“Personal branding is ego-stroking . . . an opportunity to brag about yourself.”
Some may call branding bragging, but it’s really all about being truthful about the best you have to offer. If you have achieved great things that benefited your employers, you’re wise to let your target employers know about those things, without embellishment. Think of it as educating people about the specific ways you can help them.
“Personal branding is merely a nifty tagline for a resume and email signature.”
If the only branding work you do is to create a nifty tagline that reads well and slides easily off the tongue, then you haven’t truly defined your brand. You need to back up, dig deep and spend time identifying what differentiates you.
“Personal branding is the ticket to making big money.”
Money may come with authentic branding, but if the goal is to become wealthy, realize that it takes a whole lot more than knowing and expressing your brand. Branding may help you land a high paying job (I hope!), but once on the job, your path to wealth will fizzle if you don’t work hard, and have the goods to back up your claims.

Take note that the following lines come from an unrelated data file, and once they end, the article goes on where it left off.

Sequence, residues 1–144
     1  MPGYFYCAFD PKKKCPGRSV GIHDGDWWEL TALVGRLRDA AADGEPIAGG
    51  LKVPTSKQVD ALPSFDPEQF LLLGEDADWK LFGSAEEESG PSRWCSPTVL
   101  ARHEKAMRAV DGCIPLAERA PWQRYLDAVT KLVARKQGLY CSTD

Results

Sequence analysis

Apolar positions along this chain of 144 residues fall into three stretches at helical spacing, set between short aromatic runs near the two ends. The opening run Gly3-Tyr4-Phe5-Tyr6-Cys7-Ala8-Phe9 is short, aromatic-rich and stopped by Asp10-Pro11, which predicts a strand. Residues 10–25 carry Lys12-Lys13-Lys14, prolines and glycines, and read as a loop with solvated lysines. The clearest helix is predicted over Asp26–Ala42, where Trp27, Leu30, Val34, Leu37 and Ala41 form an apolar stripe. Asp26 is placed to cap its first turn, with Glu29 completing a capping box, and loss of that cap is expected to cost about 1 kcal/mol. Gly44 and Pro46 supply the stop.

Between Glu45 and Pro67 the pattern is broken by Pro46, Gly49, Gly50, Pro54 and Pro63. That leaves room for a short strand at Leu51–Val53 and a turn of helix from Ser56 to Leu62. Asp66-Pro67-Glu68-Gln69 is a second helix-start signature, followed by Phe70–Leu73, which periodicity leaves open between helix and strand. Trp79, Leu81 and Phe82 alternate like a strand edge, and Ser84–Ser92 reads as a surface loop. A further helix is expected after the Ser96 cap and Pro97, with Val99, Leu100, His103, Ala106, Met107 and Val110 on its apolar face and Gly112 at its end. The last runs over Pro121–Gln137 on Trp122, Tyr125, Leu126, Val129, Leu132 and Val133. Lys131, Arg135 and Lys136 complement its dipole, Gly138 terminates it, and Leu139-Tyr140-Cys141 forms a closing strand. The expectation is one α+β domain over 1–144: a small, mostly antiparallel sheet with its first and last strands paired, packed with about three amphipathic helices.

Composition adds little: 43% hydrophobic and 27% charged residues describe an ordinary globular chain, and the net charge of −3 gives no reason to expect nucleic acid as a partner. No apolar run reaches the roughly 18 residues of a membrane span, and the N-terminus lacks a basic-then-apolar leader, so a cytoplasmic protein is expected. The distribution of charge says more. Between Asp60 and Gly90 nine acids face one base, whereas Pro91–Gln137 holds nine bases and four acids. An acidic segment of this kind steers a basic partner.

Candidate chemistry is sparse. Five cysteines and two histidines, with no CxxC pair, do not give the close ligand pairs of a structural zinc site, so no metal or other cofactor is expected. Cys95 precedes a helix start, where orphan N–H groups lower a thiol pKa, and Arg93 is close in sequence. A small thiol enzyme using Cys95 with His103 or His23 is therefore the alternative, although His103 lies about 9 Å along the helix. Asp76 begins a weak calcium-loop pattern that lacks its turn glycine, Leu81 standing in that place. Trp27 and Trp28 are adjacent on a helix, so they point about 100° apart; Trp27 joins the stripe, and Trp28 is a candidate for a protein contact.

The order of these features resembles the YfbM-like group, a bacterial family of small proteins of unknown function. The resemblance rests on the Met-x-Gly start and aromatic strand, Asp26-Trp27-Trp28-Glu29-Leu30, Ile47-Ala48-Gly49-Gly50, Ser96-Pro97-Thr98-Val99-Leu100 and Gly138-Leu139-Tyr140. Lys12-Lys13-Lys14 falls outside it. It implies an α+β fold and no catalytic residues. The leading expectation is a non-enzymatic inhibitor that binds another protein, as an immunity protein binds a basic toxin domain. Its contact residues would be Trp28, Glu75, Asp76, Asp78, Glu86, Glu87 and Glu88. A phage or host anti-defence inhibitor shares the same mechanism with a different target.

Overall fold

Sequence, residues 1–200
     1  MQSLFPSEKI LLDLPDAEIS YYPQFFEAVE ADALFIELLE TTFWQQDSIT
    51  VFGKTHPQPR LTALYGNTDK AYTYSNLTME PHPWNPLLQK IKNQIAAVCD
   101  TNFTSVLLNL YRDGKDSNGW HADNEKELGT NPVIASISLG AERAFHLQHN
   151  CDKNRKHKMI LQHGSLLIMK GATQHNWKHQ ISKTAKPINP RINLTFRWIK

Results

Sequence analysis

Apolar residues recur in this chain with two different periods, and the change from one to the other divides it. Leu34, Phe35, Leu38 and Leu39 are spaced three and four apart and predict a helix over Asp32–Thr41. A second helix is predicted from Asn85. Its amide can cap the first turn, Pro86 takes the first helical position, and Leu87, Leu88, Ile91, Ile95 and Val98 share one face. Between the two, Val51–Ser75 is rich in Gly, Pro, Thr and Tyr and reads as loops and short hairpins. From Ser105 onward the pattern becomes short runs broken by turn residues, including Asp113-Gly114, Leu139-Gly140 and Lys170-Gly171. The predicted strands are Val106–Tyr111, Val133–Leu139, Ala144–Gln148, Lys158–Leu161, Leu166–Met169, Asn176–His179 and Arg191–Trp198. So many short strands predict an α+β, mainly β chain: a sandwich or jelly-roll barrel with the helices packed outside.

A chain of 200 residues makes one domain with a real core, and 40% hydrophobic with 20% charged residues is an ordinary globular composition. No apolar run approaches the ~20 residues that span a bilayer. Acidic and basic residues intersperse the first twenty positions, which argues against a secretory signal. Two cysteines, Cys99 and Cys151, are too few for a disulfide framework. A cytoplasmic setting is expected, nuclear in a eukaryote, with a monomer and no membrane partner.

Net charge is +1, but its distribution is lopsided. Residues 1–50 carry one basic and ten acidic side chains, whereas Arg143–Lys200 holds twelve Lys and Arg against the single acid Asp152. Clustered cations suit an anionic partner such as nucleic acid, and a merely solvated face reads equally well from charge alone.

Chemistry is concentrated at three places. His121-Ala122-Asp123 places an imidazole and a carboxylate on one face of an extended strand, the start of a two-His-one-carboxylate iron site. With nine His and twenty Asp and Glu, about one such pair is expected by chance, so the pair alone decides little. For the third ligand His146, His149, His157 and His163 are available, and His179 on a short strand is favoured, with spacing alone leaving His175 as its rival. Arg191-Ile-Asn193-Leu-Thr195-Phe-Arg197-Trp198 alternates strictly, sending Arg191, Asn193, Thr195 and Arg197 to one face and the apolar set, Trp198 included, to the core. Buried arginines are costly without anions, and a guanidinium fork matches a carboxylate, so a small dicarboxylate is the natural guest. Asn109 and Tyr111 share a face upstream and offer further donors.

“Personal branding is the way to become famous.”
Unless you have whatever “it” is that makes people famous, and you work at becoming well-known, branding alone probably won’t make you a superstar.
“Personal branding is just a brand statement listing functional areas of expertise.”
A brand statement needs to be much more than a string of relevant keywords and phrases highlighting functional areas of expertise. To hit home with people assessing you as a potential hire, it needs to integrate your hard skill sets with softer ones. It needs to give a feel for your personality . . . while driving home those strengths and areas of expertise.
No doubt, defining and building a strong, authentic personal brand is critical in job search. But I advise treading lightly. Don’t go overboard with branding. Don’t become the kind of person described in The Onion’s hilarious lampoon, ‘I Am A Brand,’ Pathetic Man Says.
What is Personal Branding . . . Really?
The good news. We all already have a brand. Our brand is our reputation – the things we’re most known for . . . the things people count on us to always deliver.
Simply put, personal branding for job search is the means to:
Define, differentiate and communicate the unique combination of qualities and qualifications (driving strengths, areas of expertise, personal attributes, passions and values) you offer your target employers, that set you apart from others competing for the same kinds of jobs.